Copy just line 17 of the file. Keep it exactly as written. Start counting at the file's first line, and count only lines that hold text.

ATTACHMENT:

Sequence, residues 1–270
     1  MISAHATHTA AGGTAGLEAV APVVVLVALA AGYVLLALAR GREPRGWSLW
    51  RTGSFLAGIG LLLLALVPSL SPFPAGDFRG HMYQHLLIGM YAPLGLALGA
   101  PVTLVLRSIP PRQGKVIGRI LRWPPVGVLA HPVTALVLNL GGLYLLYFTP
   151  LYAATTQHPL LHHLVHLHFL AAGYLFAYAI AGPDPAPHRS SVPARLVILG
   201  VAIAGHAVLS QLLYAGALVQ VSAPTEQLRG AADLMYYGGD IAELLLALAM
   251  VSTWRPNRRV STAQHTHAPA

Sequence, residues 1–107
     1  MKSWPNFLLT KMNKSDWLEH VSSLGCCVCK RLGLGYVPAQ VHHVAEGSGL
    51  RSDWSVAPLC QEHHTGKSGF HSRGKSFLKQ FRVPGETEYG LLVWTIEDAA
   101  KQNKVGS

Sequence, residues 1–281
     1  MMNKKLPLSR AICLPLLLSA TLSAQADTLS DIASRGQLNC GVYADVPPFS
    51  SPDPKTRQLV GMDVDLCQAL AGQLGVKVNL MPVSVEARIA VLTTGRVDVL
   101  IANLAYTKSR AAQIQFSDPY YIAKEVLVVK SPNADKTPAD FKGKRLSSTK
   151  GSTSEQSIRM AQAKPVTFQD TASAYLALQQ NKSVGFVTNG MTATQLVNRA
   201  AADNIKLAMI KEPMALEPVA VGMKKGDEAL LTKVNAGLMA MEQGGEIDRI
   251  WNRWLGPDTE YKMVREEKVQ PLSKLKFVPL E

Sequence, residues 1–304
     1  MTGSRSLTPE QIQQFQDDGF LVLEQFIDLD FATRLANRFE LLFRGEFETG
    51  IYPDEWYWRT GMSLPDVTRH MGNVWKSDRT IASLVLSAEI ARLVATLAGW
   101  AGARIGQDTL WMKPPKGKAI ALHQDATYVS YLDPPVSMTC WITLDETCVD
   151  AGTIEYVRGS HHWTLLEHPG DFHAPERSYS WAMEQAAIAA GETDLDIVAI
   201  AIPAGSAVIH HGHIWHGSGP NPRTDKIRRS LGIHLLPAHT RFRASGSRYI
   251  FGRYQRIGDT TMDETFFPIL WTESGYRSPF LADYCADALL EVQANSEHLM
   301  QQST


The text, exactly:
   201  AADNIKLAMI KEPMALEPVA VGMKKGDEAL LTKVNAGLMA MEQGGEIDRI